Ukrumah Suda is one of two producers swapping Jakarta for Perth to be at the Fair Trade Festival
The Fair Trade Festival 2013 aims to be Scotland’s biggest ever Fair Trade event, and will bring campaigners, retailers and members of the public together from across Scotland. It will also be dealt a truly international feel by the presence of representatives from three different social enterprises, sourcing produce from as far afield as Mongolia, Indonesia and Ethiopia, who will give presentations, oversee workshops and sell their produce.
Yunita Anggraini and Ukrumah Suda – Pekerti Nusantara
Nita and Uuk will both be travelling all the way from Indonesia specifically to speak at the Fair Trade Festival. They work for Pekerti Nusantara, an Indonesia company founded in 1979 to provide employment opportunities for rural and marginalised workers which enabled them to remain with their families in their villages. They produce Fair Trade handicrafts, incorporating a variety of different materials and cultural backgrounds, which have been sold on four different continents.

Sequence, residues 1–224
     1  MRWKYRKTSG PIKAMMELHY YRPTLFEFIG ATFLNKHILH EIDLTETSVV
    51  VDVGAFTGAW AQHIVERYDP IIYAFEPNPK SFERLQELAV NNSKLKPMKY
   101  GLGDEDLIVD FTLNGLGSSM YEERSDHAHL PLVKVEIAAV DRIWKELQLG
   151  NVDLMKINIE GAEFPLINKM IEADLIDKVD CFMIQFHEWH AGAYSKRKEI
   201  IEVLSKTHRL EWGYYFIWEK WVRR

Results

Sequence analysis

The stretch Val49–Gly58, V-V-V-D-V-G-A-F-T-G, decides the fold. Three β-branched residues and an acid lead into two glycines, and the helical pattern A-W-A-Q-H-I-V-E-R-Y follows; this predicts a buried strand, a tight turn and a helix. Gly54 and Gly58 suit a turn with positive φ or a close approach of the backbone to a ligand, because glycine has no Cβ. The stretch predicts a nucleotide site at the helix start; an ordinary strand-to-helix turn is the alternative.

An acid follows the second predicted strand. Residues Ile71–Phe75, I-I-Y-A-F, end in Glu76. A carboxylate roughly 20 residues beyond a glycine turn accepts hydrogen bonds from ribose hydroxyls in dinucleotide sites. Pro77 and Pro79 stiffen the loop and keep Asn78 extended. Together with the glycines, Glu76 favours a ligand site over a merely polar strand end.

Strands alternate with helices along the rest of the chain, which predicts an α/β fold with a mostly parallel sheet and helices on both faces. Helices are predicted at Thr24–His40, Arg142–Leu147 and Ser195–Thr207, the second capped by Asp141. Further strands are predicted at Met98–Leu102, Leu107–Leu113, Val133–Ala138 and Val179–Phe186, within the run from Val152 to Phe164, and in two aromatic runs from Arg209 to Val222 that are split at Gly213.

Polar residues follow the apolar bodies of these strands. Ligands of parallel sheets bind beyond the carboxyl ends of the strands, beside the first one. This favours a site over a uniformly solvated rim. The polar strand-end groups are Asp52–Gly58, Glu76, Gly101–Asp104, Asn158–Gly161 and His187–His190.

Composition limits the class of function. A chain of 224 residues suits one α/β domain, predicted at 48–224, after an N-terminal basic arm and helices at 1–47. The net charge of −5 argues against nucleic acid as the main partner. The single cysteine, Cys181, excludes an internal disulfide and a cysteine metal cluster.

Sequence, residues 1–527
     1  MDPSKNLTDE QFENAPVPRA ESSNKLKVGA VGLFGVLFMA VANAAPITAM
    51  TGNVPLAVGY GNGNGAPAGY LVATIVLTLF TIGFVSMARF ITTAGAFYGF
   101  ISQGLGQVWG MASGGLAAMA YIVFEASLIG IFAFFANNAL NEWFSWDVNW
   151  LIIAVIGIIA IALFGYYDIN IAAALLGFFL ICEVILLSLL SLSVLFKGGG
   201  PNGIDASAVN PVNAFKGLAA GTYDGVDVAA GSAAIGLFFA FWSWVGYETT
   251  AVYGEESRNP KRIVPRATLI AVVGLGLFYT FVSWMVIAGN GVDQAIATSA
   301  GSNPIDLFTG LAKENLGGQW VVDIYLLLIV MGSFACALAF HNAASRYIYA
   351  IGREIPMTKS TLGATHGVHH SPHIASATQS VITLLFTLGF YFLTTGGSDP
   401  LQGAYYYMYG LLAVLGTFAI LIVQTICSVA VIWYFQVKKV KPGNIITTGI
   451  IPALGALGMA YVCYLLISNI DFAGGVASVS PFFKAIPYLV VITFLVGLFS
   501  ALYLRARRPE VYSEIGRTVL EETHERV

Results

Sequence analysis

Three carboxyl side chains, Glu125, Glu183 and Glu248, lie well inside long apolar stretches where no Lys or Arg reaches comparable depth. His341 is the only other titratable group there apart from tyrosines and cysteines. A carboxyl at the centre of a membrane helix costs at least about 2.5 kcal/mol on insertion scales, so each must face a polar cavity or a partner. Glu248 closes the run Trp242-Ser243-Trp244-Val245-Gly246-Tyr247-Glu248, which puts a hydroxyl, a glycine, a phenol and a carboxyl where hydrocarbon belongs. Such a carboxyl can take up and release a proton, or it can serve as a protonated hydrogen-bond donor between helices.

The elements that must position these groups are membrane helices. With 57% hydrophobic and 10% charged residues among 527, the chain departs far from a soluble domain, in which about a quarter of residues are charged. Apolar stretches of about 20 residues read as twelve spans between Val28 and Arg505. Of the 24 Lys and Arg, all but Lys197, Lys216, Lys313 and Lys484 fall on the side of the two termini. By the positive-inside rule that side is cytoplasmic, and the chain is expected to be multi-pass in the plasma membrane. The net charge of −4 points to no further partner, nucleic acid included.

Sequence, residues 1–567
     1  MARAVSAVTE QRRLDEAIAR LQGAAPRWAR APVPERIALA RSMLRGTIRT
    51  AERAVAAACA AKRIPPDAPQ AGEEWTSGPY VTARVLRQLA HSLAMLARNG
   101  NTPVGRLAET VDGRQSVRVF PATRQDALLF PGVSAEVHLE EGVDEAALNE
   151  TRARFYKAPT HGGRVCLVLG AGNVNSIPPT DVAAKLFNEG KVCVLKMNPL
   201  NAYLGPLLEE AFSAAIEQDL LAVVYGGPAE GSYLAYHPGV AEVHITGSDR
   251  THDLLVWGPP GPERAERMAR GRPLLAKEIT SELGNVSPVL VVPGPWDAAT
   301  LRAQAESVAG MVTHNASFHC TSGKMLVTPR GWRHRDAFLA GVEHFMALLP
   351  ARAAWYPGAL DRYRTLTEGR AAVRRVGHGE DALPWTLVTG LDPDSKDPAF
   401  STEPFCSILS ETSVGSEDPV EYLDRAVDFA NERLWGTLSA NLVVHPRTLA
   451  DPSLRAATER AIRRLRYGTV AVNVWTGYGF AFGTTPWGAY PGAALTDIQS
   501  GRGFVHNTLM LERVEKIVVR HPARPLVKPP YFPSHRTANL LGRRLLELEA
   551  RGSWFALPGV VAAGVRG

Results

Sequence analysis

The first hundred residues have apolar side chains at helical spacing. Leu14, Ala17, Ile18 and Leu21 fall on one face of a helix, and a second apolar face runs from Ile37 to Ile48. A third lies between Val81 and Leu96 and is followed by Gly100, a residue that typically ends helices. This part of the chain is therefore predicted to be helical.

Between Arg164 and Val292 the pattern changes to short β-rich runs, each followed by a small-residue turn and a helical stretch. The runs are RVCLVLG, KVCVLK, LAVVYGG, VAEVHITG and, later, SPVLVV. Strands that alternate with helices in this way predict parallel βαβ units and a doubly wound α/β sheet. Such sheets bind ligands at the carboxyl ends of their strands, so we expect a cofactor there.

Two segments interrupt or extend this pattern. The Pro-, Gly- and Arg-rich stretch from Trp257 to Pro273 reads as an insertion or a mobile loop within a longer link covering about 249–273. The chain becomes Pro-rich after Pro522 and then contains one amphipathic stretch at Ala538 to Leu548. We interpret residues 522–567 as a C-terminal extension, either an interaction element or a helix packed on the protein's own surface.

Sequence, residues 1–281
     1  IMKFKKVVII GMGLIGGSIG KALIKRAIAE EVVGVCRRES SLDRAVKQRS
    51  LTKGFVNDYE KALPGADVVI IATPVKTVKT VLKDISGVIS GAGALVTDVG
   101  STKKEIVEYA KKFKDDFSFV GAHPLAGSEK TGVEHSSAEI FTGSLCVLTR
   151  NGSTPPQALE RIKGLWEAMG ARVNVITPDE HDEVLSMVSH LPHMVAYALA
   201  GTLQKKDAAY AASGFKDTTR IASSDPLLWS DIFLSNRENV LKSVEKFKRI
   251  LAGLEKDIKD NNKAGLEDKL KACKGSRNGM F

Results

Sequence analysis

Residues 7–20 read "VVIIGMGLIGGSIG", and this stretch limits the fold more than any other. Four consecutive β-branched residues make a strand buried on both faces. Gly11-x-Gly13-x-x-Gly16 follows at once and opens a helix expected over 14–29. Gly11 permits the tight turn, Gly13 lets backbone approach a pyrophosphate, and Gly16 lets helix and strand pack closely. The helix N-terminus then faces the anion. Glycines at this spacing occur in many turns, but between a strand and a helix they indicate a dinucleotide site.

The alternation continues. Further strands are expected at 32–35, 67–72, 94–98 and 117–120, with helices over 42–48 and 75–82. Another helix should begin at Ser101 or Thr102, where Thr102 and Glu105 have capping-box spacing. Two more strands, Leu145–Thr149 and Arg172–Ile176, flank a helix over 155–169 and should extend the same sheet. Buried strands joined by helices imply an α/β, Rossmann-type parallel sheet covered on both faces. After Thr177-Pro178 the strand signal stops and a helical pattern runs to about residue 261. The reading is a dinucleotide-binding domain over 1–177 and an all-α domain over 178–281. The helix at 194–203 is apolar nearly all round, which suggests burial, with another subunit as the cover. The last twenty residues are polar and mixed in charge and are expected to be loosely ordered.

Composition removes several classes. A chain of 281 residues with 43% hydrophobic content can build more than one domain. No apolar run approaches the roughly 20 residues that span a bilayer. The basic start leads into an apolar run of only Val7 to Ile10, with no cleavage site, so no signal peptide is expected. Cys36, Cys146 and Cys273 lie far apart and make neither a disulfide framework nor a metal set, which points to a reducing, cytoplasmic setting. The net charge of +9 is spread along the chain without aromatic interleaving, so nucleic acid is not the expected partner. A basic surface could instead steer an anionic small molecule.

Abiyot Shiferaw – Oromo Coffee Company
The Oromo Coffee Company is an enterprise owned and managed by a group of people from the Oromia region of Ethiopia who now live in England. They decided to use their heritage, culture and expert knowledge of Oromo coffee as a means to provide a sustainable solution to poverty in the Oromia region, and to fulfil their own need of finding work and an income here in the UK. A not-for-profit business, any profit generated is put straight back into the business to create employment and training opportunities for the local community, or used to promote Oromo cultural activity and help Oromo children settled in the UK to learn about and celebrate their cultural identity.
Bill and Irene Manley – Mary and Martha Mongolia
Mary and Martha Mongolia are the first, and only, WFTO registered organisation in Mongolia. They utilise a network of artisans based across the entire country to produce beautiful handicrafts – no mean feat in the most sparsely populated country in the world! By networking small businesses from far-flung parts of the country they aim to enable people to stay in their hometowns, avoiding the need to migrate to the capital to survive.